Corrupt countries were more likely to support the OOXML document format


International Organization for Standardization (ISO) rejected
the fast-track approval of the controversial
Microsoft-supported OOXML document format as an ISO standard
in a vote
on 2 September 2007.

During the voting process the reputation of ISO as a dependable
technical standardization organization was questioned.
For example, in Sweden a Microsoft representative
offering to recompense partners for voting yes to OOXML.
Also a
sudden interest from
countries like Ivory Coast
to the OOXML issue has
been found suspicious.

We studied the relation between the corruption level
and voting behaviours of the countries.
We found that more corrupted the country is, the more likely it was to vote for
the unreserved acceptance of the OOXML standard proposal.

We used the [Transparency
‘s] 2006
CPI index
(Corruption Perceptions Index) as a measure of corruption. CPI index is a number between 1 and 10. A small CPI index means that the country is perceived to be very corrupted, while a large CPI index means that the country is perceived to have little corruption. Haiti has the smallest CPI index of 1.8, while the countries perceived having the least amount of corruption (Finland, Iceland, New Zealand) have a CPI index of 9.7. In barplots below the CPI index has been rounded down to the closest integer value.

ISO received a total of 87 votes, of which 70 was given either by the Secretariat country (USA), participating members (“P Member”) or observers (“O Member”); in the graph below only these 70 votes are shown. The votes are counted
according to the
complicated voting rules of ISO. The remaining 17 countries – most of
which are perceived to be relatively corrupted (median CPI index 3.0) – mostly supported the OOXML (approval 13, approval with comments 2, abstention 2, disapproval 0).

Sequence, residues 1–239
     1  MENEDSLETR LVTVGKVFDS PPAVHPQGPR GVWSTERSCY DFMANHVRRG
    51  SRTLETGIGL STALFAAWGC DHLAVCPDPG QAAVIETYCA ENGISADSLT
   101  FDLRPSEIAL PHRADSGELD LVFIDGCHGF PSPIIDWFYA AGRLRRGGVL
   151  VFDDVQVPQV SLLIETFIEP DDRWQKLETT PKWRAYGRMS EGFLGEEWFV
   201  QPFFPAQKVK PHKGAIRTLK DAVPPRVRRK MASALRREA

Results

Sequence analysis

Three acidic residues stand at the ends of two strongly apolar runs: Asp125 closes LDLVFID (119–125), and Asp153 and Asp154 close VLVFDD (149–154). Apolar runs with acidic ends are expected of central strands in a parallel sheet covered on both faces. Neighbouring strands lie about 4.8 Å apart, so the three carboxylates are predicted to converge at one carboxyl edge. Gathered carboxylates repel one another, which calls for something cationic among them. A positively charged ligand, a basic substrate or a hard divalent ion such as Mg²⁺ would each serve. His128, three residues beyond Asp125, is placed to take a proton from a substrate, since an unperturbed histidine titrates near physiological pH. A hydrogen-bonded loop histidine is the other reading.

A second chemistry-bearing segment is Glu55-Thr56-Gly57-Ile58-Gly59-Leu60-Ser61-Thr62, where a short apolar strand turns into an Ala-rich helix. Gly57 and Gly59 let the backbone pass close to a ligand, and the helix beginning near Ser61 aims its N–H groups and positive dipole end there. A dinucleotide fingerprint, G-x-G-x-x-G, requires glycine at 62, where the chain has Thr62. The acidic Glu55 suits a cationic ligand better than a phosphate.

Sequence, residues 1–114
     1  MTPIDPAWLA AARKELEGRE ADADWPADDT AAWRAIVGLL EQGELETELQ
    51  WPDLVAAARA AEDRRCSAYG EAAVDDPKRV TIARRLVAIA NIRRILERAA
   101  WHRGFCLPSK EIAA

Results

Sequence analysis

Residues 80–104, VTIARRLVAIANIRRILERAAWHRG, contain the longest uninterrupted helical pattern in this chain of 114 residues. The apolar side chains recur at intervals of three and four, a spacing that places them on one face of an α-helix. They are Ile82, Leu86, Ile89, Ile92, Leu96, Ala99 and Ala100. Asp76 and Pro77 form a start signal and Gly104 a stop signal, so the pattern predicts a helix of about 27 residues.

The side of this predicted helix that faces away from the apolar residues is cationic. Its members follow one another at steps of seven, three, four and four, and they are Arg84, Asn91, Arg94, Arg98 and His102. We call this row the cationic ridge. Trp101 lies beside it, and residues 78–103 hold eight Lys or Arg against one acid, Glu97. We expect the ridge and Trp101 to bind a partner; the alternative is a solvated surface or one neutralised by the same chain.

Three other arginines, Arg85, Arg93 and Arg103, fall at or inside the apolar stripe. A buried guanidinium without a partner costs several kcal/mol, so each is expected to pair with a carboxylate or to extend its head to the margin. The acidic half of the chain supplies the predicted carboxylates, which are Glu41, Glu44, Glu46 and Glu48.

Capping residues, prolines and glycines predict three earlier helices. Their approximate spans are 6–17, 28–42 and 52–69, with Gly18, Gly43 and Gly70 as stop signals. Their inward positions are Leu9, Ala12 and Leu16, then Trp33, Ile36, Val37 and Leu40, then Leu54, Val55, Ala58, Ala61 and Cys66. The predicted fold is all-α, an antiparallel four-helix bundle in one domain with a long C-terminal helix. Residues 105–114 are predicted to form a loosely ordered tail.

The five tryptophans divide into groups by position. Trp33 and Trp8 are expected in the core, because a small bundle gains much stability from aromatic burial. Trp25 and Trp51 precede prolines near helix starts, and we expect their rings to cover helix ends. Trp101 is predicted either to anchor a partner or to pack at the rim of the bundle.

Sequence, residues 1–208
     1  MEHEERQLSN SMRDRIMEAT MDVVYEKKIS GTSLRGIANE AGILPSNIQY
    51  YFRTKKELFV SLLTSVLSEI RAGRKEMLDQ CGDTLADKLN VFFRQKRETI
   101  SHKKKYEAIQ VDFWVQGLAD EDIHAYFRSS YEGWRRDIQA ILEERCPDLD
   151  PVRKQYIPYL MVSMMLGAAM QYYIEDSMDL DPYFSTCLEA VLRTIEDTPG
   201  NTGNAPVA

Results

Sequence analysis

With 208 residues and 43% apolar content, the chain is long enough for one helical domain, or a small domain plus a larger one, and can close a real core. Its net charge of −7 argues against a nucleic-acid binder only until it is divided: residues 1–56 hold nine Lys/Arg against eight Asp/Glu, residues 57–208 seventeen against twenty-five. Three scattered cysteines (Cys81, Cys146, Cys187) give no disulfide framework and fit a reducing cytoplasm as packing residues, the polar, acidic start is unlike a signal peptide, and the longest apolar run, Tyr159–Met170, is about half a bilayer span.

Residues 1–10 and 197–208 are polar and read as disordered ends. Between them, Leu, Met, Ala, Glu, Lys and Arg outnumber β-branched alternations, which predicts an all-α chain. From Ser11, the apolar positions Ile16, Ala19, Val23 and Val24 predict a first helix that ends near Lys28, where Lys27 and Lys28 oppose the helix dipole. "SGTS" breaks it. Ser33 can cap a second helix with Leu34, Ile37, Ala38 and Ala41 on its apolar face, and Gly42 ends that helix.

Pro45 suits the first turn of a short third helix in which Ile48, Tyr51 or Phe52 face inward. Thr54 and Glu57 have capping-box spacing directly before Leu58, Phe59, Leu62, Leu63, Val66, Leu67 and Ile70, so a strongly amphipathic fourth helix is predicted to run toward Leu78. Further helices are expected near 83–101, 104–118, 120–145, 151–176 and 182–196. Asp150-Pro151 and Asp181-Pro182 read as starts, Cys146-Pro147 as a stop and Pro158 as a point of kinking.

Results of the ISO/IEC DIS 29500 vote

Is this just a random coincidence?
The median of the CPI index of the above mentioned 70 countries is 3.95.
Of the most corrupted half (CPI index less than 3.95)
23 or 77% voted for approval (approval or approval with comments) and 7 or 23% for
disapproval; 5 abstained.
Of the least corrupted half (CPI index more than 3.95)
13 or 54% voted for approval and 11 or 46% voted for disapproval; 11 abstained – see the table below.
This statistics supports with a P value of 0.073 the hypothesis that the corrupted countries were more likely to vote for approval (one-tailed Fisher’s Exact Test; two-tailed test would give
a P value of 0.092).
In other words: if the probability of an approval vote would be independent
of the corruption level of the country, the probability of
a positive correlation of at least the observed magnitude
would be about 7%.

Lots of corruption Little corruption
Approval 23 13
Disapproval 7 11

One should be careful in interpreting the result, though.
For example, the statistical test does not naturally tell anything about the reason
of the relation between corruption level and voting behaviour of a country;
in any case, whatever the reason for the correlation,
also some quite uncorrupted countries voted
for the approval.
And although the trend is interesting and the results informative,
the [above] conclusion is still not particularly
strong due to a relatively small number
of voting countries [for a stronger statistical result with
a P value of 0.019 see the following 6 September addition:].

Added 6 September 2007:

"17 in favour out of 32""18 negative votes out of 69""18 negative votes out of 69"

In hindsight, a natural choice for the statistical test would have been
the Wilcoxon Rank Sum Test. It is more powerful than the test described above
and it in fact gives stronger results:

The OOXML standard failed to pass, because only 17 (53%) out of 32 P-members were in favour of the standard (66.6% would have been required); and
because 18 (26%) out of 69
national body votes were negative (at most 25% would have been allowed).
The countries which are perceived to be more corrupt were more likely